Japan Consumers May Bail Out Nuke Plant Owner
VIENNA — Japanese consumers would be on the hook for nuclear damage payments and earthquake reconstruction costs under two tax plans the government is considering, officials said Tuesday.
The Kyodo News agency said one plan would raise electricity customers' charges to help cover claims against Tokyo Electric Power Co. from people who suffer losses from the crisis at the Fukushima Dai-ichi nuclear power plant. The increase would come in the form of a higher electricity source-development tax, which is collected from customers as part of their electricity bills.
TEPCO must pay people forced to evacuate from the region surrounding the nuclear plant, but officials said the power company may not be able to pay all the claims.
"While TEPCO will be primarily responsible for damages payments, the government may have to support the firm," Economy, Trade and Industry Minister Banri Kaieda told a press conference Tuesday. "We are considering taxation, the electricity charge and other measures to enable the government to shoulder some of the burden."
A second plan would raise to 8 percent Japan's current 5-percent consumption tax for about three years, Kyodo said. The extra $273 billion ($22.5 trillion yen) would pay for reconstruction of the country's northeastern region, said senior lawmakers in the Democratic Pary of Japan.
The March 11 earthquake and ensuing tsunami caused about $300 billion in damage, experts have estimated.
The quake disaster left 27,000 people dead or missing, made tens of thousands homeless and damaged the TEPCO nuclear power plant in Fukushima, leading to widespread evacuations. About 135,000 people are living in nearly 2,500 shelters set up in schools, gymnasiums and community centers along the northeast coast, while the government races to build temporary homes and prepare public housing units for them, a process expected to take five months.
Internal Affairs Minister Yoshiro Katayama told reporters it had been clear even before the disaster that "some sort of reform of spending and revenues was necessary. The debate over the fiscal situation is not something that began with this disaster."
The government hopes to avoid issuing new bonds to fund an initial emergency budget, expected to be about $48 billion (4 trillion yen), due to be compiled this month.
But bond issuance is likely for subsequent extra budgets, which will only make it harder for Japan to rein in its debt, already running at twice the size of the $5 trillion economy.
Katsuya Okada, secretary-general of the ruling Democratic Party (DPJ), said on Sunday taxes had to rise to repay new government bonds that will be needed to pay for reconstruction.
A poll by the Nikkei business daily showed about 70 percent of Japanese voters would support a tax hike, but want unpopular Prime Minister Naoto Kan to be replaced.
The Yomiuri newspaper reported that the government had ruled out raising income and corporate taxes.
Nuclear plant progress
The tax ideas were floated as TEPCO took a significant step toward easing the nuclear plant crisis by pumping highly radioactive water from the basement of one of its buildings to a makeshift storage area.
Removing the 25,000 metric tons (about 6.6 million gallons) of contaminated water in the basement of a turbine building at reactor No. 2 of the Fukushima Dai-ichi plant will help allow access for workers trying to restore vital cooling systems that were knocked out in the March 11 tsunami.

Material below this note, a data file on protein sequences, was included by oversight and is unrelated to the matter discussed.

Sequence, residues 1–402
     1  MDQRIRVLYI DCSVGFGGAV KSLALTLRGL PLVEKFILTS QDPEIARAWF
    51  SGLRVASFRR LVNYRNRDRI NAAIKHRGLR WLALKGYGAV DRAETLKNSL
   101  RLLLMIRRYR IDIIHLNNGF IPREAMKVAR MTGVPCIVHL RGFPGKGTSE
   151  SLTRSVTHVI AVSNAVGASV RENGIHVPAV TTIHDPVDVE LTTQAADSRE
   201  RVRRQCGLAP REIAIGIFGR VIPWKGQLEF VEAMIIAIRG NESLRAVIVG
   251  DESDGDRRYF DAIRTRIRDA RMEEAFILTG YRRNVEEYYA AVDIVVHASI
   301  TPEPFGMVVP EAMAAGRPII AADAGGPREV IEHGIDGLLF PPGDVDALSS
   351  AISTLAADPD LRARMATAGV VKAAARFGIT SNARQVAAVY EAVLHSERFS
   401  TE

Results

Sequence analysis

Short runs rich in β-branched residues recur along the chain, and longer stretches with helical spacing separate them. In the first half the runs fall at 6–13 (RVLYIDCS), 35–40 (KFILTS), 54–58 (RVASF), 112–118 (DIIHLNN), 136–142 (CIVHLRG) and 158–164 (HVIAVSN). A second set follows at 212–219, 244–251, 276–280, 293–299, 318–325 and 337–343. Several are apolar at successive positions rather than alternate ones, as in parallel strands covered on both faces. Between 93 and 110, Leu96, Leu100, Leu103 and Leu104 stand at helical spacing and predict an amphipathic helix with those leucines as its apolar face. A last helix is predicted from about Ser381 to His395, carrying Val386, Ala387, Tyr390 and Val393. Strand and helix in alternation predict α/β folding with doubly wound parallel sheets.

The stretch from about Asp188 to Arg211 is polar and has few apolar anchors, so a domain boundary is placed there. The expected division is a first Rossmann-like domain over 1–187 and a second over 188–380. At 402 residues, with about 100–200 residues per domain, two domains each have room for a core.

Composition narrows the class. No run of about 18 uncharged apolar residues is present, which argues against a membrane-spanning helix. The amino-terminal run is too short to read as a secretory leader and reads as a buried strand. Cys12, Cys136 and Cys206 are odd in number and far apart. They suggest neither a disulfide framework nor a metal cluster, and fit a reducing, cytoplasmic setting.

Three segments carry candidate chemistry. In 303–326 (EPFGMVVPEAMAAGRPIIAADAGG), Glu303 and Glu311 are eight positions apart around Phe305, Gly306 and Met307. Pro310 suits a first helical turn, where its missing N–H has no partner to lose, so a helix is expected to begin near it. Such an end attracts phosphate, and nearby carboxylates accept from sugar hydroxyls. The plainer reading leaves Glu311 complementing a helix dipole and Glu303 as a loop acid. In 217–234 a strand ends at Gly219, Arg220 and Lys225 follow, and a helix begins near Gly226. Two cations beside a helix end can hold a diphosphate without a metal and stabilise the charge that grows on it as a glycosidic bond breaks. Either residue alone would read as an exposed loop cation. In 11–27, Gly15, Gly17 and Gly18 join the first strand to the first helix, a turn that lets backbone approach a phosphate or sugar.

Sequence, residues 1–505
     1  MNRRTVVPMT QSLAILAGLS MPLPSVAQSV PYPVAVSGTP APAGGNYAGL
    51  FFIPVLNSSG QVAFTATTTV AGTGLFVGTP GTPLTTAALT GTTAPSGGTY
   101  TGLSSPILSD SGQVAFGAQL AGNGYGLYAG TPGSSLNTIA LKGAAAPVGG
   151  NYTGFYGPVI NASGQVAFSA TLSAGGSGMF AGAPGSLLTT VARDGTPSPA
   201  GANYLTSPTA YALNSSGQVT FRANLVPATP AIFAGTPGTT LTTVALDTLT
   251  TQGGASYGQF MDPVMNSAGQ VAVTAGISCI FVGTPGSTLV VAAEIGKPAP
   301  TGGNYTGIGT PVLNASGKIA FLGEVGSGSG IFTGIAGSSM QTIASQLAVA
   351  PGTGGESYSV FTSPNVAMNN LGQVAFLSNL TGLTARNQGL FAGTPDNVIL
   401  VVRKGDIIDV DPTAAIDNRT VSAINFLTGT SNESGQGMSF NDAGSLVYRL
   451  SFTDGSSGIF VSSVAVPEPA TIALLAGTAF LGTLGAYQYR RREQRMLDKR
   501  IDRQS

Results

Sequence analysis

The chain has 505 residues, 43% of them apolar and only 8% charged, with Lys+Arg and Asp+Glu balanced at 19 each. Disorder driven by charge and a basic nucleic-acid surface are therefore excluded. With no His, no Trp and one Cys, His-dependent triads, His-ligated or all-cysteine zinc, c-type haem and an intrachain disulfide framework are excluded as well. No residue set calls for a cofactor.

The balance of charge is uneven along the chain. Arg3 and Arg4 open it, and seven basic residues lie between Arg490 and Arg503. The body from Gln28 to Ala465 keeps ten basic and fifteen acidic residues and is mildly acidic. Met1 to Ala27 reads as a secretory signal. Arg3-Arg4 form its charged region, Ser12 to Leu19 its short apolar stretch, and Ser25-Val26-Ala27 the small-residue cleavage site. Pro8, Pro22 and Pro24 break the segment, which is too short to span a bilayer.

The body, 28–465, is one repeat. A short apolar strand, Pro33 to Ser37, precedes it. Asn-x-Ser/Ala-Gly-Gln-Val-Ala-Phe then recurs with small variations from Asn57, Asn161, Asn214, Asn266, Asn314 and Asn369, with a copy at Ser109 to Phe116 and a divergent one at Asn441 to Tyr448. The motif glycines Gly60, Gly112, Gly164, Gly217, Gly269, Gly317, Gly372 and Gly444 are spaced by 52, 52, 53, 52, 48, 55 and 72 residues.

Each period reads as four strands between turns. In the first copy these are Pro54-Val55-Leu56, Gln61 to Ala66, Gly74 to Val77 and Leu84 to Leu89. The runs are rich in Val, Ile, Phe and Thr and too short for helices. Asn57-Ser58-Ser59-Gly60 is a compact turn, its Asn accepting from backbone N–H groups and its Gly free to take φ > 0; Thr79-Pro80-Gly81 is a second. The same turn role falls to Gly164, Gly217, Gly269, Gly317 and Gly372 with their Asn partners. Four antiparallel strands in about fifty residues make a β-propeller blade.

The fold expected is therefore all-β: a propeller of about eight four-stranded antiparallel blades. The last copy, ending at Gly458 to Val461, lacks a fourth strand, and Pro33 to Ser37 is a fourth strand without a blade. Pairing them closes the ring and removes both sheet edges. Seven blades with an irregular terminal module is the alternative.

It is but one of many steps in a lengthy process to resolve the crisis. TEPCO projected in a road map released over the weekend that it would take up to nine months to reach a cold shutdown of the plant. But government officials acknowledge that setbacks could slow the timeline.
The water will be removed in stages, with the first third of it to be handled over the coming 20 days, said Hidehiko Nishiyama of Japan's Nuclear and Industrial Safety Agency. In all, there are 70,000 tons (about 18.5 million gallons) of contaminated water to be removed from the plant's reactor and turbine buildings and nearby trenches, and the entire process could take months.
TEPCO is bringing the water to a storage building that was flooded during the tsunami with lightly contaminated water that was later pumped into the ocean to make room for the highly contaminated water.
The operator plans to use technology developed by French nuclear engineering giant Areva to reduce radioactivity and remove salt from the contaminated water so that it can be reused to cool the plant's reactors, Nishiyama said, adding that this process would take "several months."
Once the contaminated water in the plant buildings is safely removed and radioactivity levels decline, TEPCO hopes, workers can begin repairing the cooling systems for the reactors Nos. 1, 2 and 3, which were in operation at the time of the tsunami. Workers must also restore cooling functions at the plant's six spent fuel pools and a joint pool for all six units.
When the tsunami struck, units 5 and 6 were going through a regular inspection. On March 20, they were put in cold shutdown, which is when a reactor's core is stable at temperatures below 212 Fahrenheit.
Worst may be over
Also Tuesday, a senior official at the U.N. nuclear agency suggested the worst may be over as far as radiation leaks at Japan's stricken reactor complex are concerned.
Denis Flory said he expects the total amount of radiation releases to be only a "small increase from what it is today" if "things go as foreseen." Flory, a deputy director general at the International Atomic Energy Agency, emphasized Tuesday that his forecast was based on TEPCO's roadmap.
Flory told reporters the IAEA would work in a consultative role with Japan to help meet its targets and details of that role are being discussed.